News

Quantum physicist earns innovation nomination


14 November 2011

School of Physics Quantum Physicist, Dr Michael J Beircuk, has been announced as one of four finalists in the Australian Innovation Challenge Awards, Minerals and Energy category run in association with Shell and supported by the Federal Government's Department of Innovation, Industry and Science and Research (DIISR).


Dr Biercuk has invented the world's most sensitive detector of forces and fields, based on atomic ions trapped using electromagnetic fields. The device has been demonstrated to have sensitivity at the scale of the yoctonewton (per square root hertz) - a measurement that is a thousand times more sensitive than anything previously possible.


It is technology that could lead to faster and more accurate remote sensing in minerals exploration allowing mining companies to hone in on smaller geological deposits.


The discovery also provides an opportunity to address new challenges arising in materials science and nanotechnology.


"The ability to measure tiny forces at a dramatically enhanced measurement speed is a key demonstration that may spark new interest in ion-based sensors for applications such as the characterisation of nanomaterials and standoff detection for the mining industry."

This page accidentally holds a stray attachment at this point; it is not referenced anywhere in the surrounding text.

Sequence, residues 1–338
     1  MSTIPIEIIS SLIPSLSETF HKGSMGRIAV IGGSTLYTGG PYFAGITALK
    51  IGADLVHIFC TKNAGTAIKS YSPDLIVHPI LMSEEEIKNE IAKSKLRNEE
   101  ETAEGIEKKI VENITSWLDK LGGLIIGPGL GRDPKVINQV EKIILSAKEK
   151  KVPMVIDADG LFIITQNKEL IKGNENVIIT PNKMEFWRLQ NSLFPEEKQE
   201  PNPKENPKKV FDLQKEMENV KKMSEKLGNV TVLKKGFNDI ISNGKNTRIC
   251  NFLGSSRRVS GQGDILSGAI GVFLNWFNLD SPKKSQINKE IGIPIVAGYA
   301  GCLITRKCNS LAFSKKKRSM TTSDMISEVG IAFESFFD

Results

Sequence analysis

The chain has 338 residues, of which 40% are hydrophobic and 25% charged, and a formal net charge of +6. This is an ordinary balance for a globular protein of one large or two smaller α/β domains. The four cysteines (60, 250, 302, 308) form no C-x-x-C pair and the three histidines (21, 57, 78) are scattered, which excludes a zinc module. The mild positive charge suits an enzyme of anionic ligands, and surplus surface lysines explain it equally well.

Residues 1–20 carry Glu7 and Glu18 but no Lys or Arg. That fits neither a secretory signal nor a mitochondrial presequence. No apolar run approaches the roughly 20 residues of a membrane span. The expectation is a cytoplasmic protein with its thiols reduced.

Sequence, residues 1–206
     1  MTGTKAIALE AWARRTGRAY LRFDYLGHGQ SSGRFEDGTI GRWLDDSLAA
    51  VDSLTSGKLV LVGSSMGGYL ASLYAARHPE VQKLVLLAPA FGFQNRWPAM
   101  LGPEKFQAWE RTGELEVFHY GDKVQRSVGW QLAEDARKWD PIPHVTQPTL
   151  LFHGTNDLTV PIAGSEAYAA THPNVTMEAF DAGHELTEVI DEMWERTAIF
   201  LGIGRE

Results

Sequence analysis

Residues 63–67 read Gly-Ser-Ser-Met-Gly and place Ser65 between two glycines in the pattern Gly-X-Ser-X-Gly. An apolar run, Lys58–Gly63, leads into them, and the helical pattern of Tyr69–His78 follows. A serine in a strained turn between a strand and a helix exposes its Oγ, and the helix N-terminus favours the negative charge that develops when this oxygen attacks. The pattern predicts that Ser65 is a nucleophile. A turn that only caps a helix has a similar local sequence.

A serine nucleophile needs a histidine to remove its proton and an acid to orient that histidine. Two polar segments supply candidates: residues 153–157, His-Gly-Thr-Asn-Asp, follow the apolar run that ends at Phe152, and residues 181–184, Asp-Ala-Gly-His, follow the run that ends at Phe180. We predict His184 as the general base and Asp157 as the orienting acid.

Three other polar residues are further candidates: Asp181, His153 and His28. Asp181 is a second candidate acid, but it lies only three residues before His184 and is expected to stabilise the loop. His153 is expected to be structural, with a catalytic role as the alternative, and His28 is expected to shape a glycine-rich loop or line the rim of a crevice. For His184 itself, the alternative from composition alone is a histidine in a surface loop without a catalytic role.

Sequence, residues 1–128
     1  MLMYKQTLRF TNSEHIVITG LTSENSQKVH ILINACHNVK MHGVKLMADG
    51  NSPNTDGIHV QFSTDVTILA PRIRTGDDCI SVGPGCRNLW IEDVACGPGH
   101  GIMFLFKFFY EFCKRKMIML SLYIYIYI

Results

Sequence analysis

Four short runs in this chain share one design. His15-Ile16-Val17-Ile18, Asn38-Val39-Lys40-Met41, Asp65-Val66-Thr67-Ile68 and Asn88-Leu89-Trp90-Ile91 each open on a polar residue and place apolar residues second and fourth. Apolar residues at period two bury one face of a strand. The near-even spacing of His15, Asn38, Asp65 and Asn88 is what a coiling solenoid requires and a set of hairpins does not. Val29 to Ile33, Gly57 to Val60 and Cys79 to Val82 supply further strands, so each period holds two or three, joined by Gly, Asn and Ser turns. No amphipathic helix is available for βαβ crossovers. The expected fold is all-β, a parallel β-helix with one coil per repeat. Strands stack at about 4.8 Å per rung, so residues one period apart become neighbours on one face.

To detect the force, Dr Biercuk and colleagues used a device consisting of about 60 beryllium ions confined in a Penning Trap, which stores charged particles using electric and magnetic fields.


Any movement caused by an applied force was measured with a laser. The resulting measurement of forces with sensitivity at the level of 390 yoctonewtons with just one second of measurement eclipsed the previous record by three orders of magnitude.


This research is part of a long-term research initiative in quantum-enabled technology, funded by the ARC Centre of Excellence for Engineered Quantum Systems.


The work previously earned Dr. Biercuk the 2011 NMI Prize for excellence in measurement research by a scientist under 35. This new recognition stems from the realization that this kind of device has great potential for applications in the mining industry.


"It shows how strategic, long-term research can have unexpected near-term applications," says Dr Biercuk.


Dr Biercuk added that he was excited about the new capabilities in measurement science emerging from collaborations abroad and with colleagues in the School of Physics and the ARC Centre for Engineered Quantum Systems.



Contact: Alison Muir

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